Initiatives of providing food security to vulnerable families are making a concrete difference in the lives of those who most need it, ADRA Colombia leaders said.

“I used to want my children to wake up late so I could save a meal,” said Betzabeth Barragán, a mother of three in Medellín who works recycling trash to support her family. Despite her hard work, Barragán struggles to access adequate food.

Despite her dire need, Barragán carries her work out with dedication and commitment. One of the biggest thrills, she says, is when she finds discarded clothes. “When my children see me arrive back home, the first thing they tell me is, ‘Mom, what did you bring me?’ And if I take out clothes, they get excited because, for them, they are new,” she said.

One day, while working, she received a call from ADRA Colombia. She was informed that she and her family were scheduled to receive food assistance. “I felt very excited, even though I was not sure who was behind the call,” she said.

ADRA volunteers hold together the assembled food bags to be distributed in communities affected by blocked roads. Photo: ADRA Colombia]

Barragán said she had a hard time to understand that someone could care about her situation and give her a helping hand amid her need. From that moment on, everything changed.

Thanks to the help Barragán received, her family stopped going to bed hungry. And ADRA’s help did not stop with food. Barragán shared how her children had appointments scheduled with nutritionists. ADRA also provided medical assistance to her whole family, improving their access to health care.

Year-long ADRA initiative

This ADRA initiative is part of the agency’s SASVEN Program, which from April 2022-March 2023, has benefited more than 24,000 people in Colombia. According to ADRA figures, 12,715 people have received food assistance in the form of prepared meals in Bucaramanga, while 7,252 people have benefited in migratory corridors in Santander, with medical attention in first response. At the same time, 10,820 beneficiaries have been treated in general medical consultations.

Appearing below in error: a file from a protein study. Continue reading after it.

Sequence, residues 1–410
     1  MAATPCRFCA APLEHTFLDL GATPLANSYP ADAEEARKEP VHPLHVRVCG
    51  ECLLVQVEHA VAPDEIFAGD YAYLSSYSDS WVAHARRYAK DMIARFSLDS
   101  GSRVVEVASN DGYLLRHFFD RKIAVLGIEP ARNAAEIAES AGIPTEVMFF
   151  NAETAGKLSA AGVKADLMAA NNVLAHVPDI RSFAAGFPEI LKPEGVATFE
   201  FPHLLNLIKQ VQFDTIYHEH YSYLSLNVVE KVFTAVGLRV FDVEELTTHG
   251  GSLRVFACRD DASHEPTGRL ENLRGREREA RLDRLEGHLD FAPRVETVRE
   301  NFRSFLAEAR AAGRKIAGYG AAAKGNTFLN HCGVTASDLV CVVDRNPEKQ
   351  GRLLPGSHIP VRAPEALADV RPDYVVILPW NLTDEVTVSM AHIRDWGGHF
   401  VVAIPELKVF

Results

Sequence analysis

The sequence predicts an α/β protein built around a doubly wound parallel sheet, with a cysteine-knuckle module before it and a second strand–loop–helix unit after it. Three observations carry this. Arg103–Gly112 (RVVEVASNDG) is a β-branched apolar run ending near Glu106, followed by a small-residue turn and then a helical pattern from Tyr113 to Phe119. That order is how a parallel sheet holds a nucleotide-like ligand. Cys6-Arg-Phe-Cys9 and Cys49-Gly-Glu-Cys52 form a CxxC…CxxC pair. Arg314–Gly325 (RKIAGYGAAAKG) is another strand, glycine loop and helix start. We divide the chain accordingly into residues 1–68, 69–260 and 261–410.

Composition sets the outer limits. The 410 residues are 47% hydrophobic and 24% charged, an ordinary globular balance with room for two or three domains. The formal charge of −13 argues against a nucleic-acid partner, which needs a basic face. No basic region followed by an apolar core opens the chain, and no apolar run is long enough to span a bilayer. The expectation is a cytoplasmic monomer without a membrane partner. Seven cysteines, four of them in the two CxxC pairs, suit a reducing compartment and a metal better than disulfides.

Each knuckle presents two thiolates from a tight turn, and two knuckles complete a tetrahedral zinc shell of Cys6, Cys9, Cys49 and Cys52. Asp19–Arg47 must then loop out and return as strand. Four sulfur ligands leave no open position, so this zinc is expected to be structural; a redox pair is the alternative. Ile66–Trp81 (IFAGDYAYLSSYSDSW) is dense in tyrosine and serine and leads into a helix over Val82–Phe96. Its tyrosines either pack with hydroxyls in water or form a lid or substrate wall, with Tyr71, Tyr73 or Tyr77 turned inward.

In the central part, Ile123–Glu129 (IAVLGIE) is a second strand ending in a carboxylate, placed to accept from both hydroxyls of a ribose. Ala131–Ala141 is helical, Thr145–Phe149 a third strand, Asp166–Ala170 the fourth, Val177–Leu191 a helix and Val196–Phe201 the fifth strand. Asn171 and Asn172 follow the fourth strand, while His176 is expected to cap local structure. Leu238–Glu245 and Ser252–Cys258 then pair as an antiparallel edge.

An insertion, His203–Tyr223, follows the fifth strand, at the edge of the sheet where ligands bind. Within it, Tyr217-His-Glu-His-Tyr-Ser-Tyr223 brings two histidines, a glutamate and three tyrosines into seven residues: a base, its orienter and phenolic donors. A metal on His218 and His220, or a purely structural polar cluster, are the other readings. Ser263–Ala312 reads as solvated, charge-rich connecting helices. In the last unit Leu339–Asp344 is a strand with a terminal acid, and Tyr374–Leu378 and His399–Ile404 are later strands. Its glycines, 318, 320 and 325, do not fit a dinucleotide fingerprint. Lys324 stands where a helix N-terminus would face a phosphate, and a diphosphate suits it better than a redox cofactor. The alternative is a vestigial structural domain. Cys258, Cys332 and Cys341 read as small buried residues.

Betzabeth Barragán a beneficiary of ADRA Colombia’s SASVEN initiative plays with two of her children in Medellín, Colombia. ADRA has been assisting thousands of families from Colombia and Venezuela at several northern cities with food bags, meals and free medical care for months.  [Photo: ADRA Colombia]

The SASVEN program has proven to be an effective tool to improve the quality of life of Venezuelan and Colombian migrant families, regional leaders said. ADRA’s dedication and commitment to its work has changed reality for many families like Barragan’s, giving them hope and a healthier future.

“If there’s one thing I must thank ADRA for is that it put an end to a situation where my children and I had nothing to eat”, she said. “ADRA is for me the security I never had, the hope I thought I had lost, and for my children and me, the love that we needed.”

To learn more about initiatives and projects led by ADRA Colombia, visit